The last 25 years have witnessed a general prohibition of human germline modification based on references to human dignity, the rights of children, as well as promoting a static view of 'nature' and illustrating an ongoing fear of eugenics. Such categorical condemnation has pre-empted what could have been fruitful public discussion preceding the advent of CRISPR. Yet, while reassuring, simple and final as a legal tool, wholesale prohibitions may not be the appropriate mechanism for emerging scientific technologies. What proportionate policy frameworks and tools exist for regenerative medicine that can respond not only to CRISPR and to what may become "legitimate" germline modification but also to future "breakthroughs"?
Beware the intersections: developing a feminist lens for discussions of genome editing
This paper explores whether we can use current discussions on responsible innovation to help develop a feminist intersectional lens through which to examine responsibility, inclusion and innovation in the field of human genome editing.
Feminist approaches to reprogenetic technologies have always been a delicate balancing act between the need to increase individual women's control over their lives, and the need to account for the social consequences of decisions made in aggregate. While responsible innovation (RI) opens spaces to integrate a feminist ethics of care into discussions about emerging (particularly medical) technologies, innovation itself is rarely discussed within feminist political economy (FPE), and FPE's specific insights about production, reproduction and the intersections between race, gender, class are rarely drawn upon when interrogating the potential benefits and risks of new medical technologies, although women are deeply implicated in these pursuits as mothers, egg donors and potential patients. This paper explores whether we can use questions arising from what we have called the 'fourth quadrant' of the RI matrix, 'responsible stagnation', to develop an lens through which to examine responsibility, inclusion and innovation in the field of human genome editing. For this, I draw upon historical feminist activist knowledge practices in the domain of reproductive and genetic engineering (close reading of scientific and medical discourse, an emphasis on control rather than choice or rights, and a continued effort to keep women in the centre of the analytic frame) and upon the emerging principles of RS as a particular configuration of change in which restraint, living gently, and ethics matter more than contribution to economic growth.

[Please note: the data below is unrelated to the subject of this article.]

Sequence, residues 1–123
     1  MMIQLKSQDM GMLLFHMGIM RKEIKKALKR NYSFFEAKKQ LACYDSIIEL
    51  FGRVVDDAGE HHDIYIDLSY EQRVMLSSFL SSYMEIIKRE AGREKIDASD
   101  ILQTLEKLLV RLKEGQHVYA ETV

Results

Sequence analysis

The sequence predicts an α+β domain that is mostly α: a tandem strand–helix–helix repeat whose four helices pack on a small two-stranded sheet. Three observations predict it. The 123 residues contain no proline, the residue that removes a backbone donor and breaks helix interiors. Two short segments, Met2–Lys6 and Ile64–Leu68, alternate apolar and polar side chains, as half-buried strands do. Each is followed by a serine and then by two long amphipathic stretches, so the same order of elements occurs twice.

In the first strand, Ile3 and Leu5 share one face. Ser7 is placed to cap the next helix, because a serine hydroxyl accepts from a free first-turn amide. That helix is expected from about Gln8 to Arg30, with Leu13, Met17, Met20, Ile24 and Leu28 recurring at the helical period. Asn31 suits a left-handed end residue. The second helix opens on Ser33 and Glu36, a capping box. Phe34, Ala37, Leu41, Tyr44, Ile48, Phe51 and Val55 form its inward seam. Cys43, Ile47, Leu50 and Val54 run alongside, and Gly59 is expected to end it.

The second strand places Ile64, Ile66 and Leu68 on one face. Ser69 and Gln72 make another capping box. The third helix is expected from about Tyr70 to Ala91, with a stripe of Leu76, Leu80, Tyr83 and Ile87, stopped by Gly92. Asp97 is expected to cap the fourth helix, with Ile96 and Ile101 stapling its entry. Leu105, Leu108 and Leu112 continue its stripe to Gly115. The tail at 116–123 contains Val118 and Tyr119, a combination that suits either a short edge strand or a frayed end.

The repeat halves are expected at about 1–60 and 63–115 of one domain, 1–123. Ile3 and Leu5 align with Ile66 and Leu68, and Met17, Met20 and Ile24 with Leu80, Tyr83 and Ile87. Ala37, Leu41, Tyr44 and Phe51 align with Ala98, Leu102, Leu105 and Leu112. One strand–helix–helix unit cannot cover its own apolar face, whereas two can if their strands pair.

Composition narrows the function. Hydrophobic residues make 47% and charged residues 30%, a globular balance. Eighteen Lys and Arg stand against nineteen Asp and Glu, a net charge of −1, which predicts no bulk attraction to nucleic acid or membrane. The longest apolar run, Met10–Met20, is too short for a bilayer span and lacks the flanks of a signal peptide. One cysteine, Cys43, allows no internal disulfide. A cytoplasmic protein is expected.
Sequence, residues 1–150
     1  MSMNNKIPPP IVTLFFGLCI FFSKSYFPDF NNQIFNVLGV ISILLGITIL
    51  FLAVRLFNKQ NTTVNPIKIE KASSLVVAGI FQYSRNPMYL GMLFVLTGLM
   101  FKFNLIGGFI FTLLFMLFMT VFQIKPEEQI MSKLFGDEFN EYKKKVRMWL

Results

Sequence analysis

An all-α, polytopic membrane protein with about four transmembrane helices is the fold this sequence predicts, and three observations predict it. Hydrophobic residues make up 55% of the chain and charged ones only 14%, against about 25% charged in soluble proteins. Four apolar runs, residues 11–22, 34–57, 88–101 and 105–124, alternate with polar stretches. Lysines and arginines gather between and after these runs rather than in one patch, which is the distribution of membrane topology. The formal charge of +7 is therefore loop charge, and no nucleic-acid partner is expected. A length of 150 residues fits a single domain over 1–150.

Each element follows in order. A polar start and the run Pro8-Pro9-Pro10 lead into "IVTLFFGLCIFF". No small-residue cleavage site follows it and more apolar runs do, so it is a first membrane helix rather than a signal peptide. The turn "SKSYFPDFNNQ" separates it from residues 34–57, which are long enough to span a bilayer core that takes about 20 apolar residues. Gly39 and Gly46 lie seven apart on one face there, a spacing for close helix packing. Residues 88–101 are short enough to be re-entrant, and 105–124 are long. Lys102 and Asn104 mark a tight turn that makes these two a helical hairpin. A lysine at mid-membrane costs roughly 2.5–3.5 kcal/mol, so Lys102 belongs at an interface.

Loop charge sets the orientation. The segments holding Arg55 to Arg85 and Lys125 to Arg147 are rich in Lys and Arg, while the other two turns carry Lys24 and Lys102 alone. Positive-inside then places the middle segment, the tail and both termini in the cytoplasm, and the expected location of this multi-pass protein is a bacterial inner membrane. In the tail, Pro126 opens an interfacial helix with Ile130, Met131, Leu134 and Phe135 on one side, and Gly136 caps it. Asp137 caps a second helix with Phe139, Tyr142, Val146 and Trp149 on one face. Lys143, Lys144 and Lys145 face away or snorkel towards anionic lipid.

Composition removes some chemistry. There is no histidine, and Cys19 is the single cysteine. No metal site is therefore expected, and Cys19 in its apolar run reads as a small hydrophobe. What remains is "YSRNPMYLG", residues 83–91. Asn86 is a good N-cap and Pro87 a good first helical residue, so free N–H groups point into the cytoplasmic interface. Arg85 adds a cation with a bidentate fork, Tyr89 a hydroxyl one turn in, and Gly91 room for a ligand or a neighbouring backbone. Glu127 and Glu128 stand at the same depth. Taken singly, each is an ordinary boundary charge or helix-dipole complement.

Economies of hope and the commodification of life itself: transgenic mosquitoes as technoscientific matters of care
Drawing on the transgenic mosquito OX513A, this paper explores questions of care in the context of the transformation of living organisms into a commodity that embodies the hopes of containing the spread of infectious diseases, and the hypes of a technology that promises high economic rewards.
Genetically modified organisms are both a site of high public concern and commodities promising substantial economic returns for the biotechnology industry. Turning to the transgenic mosquito OX513A employed as a technology for combating the Zika and Dengue virus in Florida, this paper explores how living organisms, which are equipped with a technoscientifically enforced "expiration date" that has been implemented in their genome, are transformed into a public health tool that embodies both the hopes of containing the spread of infectious diseases transmitted through mosquitos, and the hypes of a technology that promises high economic rewards. Understanding OX513A as a "bio-object"—i.e, a socio-technical phenomenon where the traditional boundaries between living being and technology, life and death, organism and patented commodity have become blurred—and precisely therefore as a "matter of care" in technoscience, this paper will scrutinize how the use of the transgenic mosquitoes contributes to an economy of hope—i.e., a particular discourse which revolves around presenting a particular new technology or technoscientific object as a highly praised public health tool. As matters of care in technoscience are stabilized through an array of human and nonhuman actors, the question how care is enacted by the different actors in the field moves to the forefront. What does it mean to care, and what does care entail for experts, scientists, members of non-profit-organizations and relevant social groups? How can 'not caring', or the absence of care be identified? And how is failure and success defined by the different actors involved?
This panel is closed to new paper proposals.